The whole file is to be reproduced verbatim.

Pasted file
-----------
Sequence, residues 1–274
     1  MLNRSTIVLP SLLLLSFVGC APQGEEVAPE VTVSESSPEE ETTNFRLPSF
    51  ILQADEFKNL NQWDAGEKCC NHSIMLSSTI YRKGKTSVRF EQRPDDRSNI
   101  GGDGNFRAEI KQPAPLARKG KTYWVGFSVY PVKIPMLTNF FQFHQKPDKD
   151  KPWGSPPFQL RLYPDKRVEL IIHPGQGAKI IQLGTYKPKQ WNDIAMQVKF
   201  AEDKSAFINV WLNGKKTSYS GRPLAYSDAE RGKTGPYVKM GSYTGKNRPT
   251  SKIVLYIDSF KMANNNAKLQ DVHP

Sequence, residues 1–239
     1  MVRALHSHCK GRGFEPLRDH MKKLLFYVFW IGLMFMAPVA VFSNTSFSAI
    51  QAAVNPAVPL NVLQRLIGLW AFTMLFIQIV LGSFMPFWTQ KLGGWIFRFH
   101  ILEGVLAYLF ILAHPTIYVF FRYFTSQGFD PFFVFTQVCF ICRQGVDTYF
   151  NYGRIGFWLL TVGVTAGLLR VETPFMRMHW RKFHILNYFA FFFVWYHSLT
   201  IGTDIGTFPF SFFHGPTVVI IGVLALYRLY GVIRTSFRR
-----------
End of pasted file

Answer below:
Sequence, residues 1–274
     1  MLNRSTIVLP SLLLLSFVGC APQGEEVAPE VTVSESSPEE ETTNFRLPSF
    51  ILQADEFKNL NQWDAGEKCC NHSIMLSSTI YRKGKTSVRF EQRPDDRSNI
   101  GGDGNFRAEI KQPAPLARKG KTYWVGFSVY PVKIPMLTNF FQFHQKPDKD
   151  KPWGSPPFQL RLYPDKRVEL IIHPGQGAKI IQLGTYKPKQ WNDIAMQVKF
   201  AEDKSAFINV WLNGKKTSYS GRPLAYSDAE RGKTGPYVKM GSYTGKNRPT
   251  SKIVLYIDSF KMANNNAKLQ DVHP

Sequence, residues 1–239
     1  MVRALHSHCK GRGFEPLRDH MKKLLFYVFW IGLMFMAPVA VFSNTSFSAI
    51  QAAVNPAVPL NVLQRLIGLW AFTMLFIQIV LGSFMPFWTQ KLGGWIFRFH
   101  ILEGVLAYLF ILAHPTIYVF FRYFTSQGFD PFFVFTQVCF ICRQGVDTYF
   151  NYGRIGFWLL TVGVTAGLLR VETPFMRMHW RKFHILNYFA FFFVWYHSLT
   201  IGTDIGTFPF SFFHGPTVVI IGVLALYRLY GVIRTSFRR